topic badge
New Zealand
Level 7 - NCEA Level 2

Hamiltonian Paths and Cycles


We learned about paths in an earlier chapter, but some networks have some very special paths. If a path through a network uses every vertex, we call it a Hamiltonian path, and call the network traceable (sometimes semi-Hamiltonian). This is named after the Irish mathematician William Rowan Hamilton, an early developer of network theory. If the network has a cycle that uses every vertex, we call the cycle a Hamiltonian cycle and call the network simply Hamiltonian.

Here are three networks: the first has a Hamiltonian path highlighted, the second is Hamiltonian and has a Hamiltonian cycle highlighted, and the third does not have a Hamiltonian path.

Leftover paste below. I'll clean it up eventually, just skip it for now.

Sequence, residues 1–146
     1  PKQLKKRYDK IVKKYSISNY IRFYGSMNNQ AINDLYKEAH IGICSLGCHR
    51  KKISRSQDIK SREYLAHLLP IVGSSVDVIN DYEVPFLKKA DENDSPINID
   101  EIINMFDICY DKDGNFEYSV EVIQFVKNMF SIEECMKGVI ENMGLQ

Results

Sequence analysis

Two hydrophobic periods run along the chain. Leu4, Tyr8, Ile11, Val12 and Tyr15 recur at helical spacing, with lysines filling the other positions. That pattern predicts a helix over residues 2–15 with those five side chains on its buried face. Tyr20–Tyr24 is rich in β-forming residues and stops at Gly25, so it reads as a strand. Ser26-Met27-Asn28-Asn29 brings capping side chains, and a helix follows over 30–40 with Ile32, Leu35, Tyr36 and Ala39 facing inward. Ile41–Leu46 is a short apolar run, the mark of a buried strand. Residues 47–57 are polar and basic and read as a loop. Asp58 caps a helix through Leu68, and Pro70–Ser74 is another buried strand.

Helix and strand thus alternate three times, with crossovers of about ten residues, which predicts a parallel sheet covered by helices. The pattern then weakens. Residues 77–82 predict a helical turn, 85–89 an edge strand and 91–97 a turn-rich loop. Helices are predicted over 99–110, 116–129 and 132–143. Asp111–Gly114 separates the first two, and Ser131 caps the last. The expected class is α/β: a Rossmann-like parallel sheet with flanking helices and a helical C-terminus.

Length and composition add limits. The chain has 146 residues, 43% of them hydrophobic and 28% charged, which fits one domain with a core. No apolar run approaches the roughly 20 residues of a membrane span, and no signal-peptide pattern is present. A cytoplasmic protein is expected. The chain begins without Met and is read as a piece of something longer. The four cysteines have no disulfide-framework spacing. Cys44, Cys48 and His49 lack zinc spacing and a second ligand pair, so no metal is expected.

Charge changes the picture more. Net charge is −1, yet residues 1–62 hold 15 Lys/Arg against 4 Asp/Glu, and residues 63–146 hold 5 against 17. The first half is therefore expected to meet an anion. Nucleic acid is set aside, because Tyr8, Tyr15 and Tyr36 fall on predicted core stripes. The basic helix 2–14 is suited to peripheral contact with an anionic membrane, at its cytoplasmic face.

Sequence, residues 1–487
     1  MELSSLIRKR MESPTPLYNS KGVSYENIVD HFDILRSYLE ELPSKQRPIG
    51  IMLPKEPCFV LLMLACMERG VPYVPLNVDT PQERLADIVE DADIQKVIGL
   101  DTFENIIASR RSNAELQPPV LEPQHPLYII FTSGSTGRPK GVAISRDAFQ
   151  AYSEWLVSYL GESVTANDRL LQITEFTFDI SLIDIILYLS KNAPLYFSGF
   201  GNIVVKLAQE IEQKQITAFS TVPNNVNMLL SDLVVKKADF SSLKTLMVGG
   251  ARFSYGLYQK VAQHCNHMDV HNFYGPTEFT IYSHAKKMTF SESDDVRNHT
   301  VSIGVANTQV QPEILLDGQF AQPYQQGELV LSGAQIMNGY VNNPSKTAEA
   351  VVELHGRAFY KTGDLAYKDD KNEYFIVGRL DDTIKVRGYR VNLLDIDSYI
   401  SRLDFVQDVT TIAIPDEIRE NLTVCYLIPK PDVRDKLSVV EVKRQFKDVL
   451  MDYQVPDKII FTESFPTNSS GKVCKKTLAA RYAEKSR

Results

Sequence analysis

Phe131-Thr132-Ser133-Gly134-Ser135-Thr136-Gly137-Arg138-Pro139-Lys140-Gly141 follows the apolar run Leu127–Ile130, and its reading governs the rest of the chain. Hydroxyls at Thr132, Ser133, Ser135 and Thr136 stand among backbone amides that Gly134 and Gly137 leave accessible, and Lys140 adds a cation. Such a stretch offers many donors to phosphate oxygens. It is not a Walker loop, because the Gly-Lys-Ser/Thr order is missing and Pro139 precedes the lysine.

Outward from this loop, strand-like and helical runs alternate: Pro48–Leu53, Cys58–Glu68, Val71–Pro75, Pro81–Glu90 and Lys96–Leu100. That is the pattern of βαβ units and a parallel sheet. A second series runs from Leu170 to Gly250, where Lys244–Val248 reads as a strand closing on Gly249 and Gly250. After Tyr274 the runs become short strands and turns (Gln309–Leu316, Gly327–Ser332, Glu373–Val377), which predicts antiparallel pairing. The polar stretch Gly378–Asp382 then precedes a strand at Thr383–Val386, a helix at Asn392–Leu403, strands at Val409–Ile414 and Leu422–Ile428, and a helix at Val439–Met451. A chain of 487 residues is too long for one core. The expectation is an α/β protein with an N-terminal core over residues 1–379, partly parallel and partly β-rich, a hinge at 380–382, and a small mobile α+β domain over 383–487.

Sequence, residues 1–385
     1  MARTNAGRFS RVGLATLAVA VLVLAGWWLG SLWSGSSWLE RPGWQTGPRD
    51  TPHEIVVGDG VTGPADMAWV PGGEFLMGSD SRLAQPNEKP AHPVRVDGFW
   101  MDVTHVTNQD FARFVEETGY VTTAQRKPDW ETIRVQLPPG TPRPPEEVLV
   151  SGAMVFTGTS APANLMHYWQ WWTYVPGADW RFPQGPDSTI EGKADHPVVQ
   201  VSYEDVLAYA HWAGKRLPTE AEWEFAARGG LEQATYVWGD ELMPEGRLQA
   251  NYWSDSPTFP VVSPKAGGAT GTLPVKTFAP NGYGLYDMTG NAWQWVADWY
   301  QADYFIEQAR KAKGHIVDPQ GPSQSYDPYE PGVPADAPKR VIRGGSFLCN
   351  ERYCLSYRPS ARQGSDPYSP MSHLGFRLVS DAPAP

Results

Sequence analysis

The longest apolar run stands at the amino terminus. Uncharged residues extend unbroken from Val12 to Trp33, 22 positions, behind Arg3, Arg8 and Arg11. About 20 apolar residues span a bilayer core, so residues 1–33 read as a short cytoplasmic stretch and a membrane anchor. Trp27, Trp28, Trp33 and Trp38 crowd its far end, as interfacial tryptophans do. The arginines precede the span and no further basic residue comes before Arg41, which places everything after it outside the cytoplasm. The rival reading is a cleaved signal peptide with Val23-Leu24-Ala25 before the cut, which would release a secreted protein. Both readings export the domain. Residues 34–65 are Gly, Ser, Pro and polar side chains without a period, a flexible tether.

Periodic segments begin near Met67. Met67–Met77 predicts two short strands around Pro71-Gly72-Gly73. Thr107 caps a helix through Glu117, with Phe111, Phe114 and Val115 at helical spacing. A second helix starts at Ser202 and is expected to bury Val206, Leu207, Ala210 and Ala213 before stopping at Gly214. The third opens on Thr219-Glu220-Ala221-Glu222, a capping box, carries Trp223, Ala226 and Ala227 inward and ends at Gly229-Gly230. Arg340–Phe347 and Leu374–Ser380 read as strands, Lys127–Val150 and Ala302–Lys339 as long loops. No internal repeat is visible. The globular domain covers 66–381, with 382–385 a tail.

There is no good way to figure out whether a Hamiltonian path exists or not - we just have to go in and look for them. This is exemplified in the famous travelling salesman problem, which asks if a salesman (or woman!) can visit every city in a random network without having to visit the same one twice. Finding time efficient solution methods to this classic question in network theory remains unsolved to this day.

We can still talk about Hamiltonian networks even when the edges are directed. Let’s return to the network representing a garbage collection route:

Can we visit every vertex (collect all the garbage) without repeating a vertex (driving down the same street the same way twice)? Yes, we can! This graph has a Hamiltonian cycle, so it is a Hamiltonian network:

One example of a Hamiltonian cycle. Are there others?



Choose appropriate networks to find optimal solutions


Apply network methods in solving problems

What is Mathspace

About Mathspace